Now that I’m in university, there’s a lot of emphasis on bringing people out to church, ministering to friends, and the like. Which is amazing, and I really love! I really don’t have a problem with talking to people about God, which I’m grateful for, but I think that all of us as Christians can be guilty of a few mistakes when we try to evangelize to our friends. So here are some things that I try to keep in mind when I’m talking to my classmates about God, or just in general.
You are not there just to convert them
One of the (many) things I hate is when Christians talk about going out to convert the people they talk to. “I saved 3 people last month” or “I’m trying to convert 7 of my classmates.” People are not just numbers to be added to our “list of good deeds”–they’re people, and people who need someone to show them who God is. If your goal is to convert people, you’ve missed out on a great discipleship opportunity. I see a lot of people who bring classmates out to Christian events but then that’s it! They feel like they’re done, and they stop being a friend to that person because they’re converted. What does that say about Christians, that the only reason we’re talking to someone is because we want to drag them into our religion?
Instead of focusing on converting or saving people, look for opportunities to share your faith. Not convince them why they should accept it, but simply share what you believe. Trust me, sharing has a much bigger impact than teaching does.
We can often be guilty of ego-centrism; we tend to only see from our perspective. If someone isn’t a Christian, they can’t be expected to act like a Christian! So stop giving them dirty looks, stop being taken aback by what they said, and stop being offended by everything coming out of their mouth.
Even though you don’t believe everything that they do, they have a right to be shown as much respect as you would want to have from them. Don’t immediately attack everything they believe, don’t belittle them, don’t hold them to the same standard you hold yourself. Instead, be respectful that everyone grows up with a different home environment, different family, different friends, and everyone’s a different person for it! So respect those differences. Your friends at school likely have completely different ideas of what’s OK and what isn’t, so when they’re talking about going and partying all weekend, try not to judge, or insert your own opinion. Instead, listen, and then, when asked, present your opinion. It’s just being respectful.
Don’t say anything you wouldn’t want said to you
Would you want someone to tell you that your religion is stupid? No? Then don’t tell people their way of life is stupid. As Christians, I understand that we have rules and guidelines that show us what is sinful and what is not, and none of this applies to talking to people who call themselves believers, but outside of the church there are no rules. If you’re getting to know a lesbian girl in your class, do you really think the best way to show her the love of Jesus is to tell her that she’s living in sin with her girlfriend, who she’s really in love with?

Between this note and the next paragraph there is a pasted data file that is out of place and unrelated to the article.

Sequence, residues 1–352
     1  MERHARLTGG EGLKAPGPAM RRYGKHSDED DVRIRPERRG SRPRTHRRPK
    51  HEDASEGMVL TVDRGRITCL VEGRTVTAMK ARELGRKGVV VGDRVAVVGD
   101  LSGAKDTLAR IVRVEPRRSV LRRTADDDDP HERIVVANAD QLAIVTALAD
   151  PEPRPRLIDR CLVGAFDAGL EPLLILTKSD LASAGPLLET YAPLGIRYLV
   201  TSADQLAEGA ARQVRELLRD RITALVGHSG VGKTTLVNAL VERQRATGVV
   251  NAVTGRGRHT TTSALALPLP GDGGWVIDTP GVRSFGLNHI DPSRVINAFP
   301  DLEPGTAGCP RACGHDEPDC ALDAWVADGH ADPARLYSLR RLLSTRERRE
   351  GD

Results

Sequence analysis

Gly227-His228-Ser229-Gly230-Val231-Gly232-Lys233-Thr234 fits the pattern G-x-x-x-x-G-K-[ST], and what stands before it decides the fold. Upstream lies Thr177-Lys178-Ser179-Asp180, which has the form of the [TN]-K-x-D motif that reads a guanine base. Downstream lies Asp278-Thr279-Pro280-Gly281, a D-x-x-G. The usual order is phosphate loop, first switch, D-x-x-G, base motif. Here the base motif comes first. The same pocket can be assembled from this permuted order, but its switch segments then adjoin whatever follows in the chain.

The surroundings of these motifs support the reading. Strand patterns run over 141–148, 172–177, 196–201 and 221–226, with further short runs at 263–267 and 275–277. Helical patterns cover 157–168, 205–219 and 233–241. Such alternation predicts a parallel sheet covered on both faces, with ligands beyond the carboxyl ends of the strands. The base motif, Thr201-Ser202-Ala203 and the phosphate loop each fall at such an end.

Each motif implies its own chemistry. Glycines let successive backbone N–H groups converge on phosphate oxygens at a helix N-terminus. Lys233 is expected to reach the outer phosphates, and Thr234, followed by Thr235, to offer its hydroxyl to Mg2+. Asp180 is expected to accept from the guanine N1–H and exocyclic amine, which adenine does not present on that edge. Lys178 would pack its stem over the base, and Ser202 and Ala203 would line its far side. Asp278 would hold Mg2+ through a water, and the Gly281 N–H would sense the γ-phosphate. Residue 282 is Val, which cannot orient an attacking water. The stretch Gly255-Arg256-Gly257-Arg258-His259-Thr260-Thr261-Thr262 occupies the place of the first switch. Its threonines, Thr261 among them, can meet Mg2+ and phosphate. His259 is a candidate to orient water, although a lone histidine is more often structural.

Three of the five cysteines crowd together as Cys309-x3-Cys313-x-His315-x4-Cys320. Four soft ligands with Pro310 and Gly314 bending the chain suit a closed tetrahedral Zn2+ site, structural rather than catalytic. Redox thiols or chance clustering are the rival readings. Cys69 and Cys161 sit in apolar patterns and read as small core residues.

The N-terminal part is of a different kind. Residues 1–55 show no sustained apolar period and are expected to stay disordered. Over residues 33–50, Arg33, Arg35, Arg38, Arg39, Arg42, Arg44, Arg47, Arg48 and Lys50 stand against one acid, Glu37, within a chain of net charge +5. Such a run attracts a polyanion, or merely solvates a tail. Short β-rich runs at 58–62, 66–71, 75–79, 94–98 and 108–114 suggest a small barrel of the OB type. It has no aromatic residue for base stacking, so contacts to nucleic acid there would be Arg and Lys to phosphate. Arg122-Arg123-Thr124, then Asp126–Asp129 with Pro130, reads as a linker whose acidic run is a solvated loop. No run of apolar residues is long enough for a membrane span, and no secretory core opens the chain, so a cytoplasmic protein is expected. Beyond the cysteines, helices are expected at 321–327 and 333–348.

Be very careful that you don’t offend the people you’re trying to help. Their lives are their lives, and you’re not called to change them. You’re called to show them Christ, who then can change them from the inside out.
Just get to know them!
So often we skip this step. And I don’t know why.
I know a lot of Christians who really don’t know anyone in their class, or the people they’re trying to bring to church they don’t really ever hang out with. I’m not saying become best friends with everyone, but why not try to get a bunch of people together for a study group? Why not all go out for coffee after a class sometime? Or why not come to class early to chat with people while you’re waiting for the prof?
If you really want someone to trust you enough to talk to you about their life, then get to know them as a friend. Not as a missionary, but as a friend. People can smell a fake from a mile away, so don’t just be their friend for some ulterior motive, even if that is to bring them to God. Always remember that even if they never come to God, that was not wasted time. It wasn’t wasted effort getting to know that person, because they are precious to God, and you were placed in their life for a reason.
Be confident and secure in your beliefs
When you’re confident in what you believe, people see that. They respect it. What people don’t respect is a wishy-washy Christian. The kind who says one thing and does another.
So prepare yourself for life! Not just for ministry, but for living the kind of life God wants you to live. Read your Bible, read books on theology, talk to your pastor–just make sure you know why you believe what you do. Then, when opportunities arise, you’ll be able to speak up and offer your opinion more effectively.
So in short, just be respectful, realistic, and remember that others have feelings and beliefs, too. There is a time for everything, so just pray for opportunities, and that God will show you how to handle them when they come!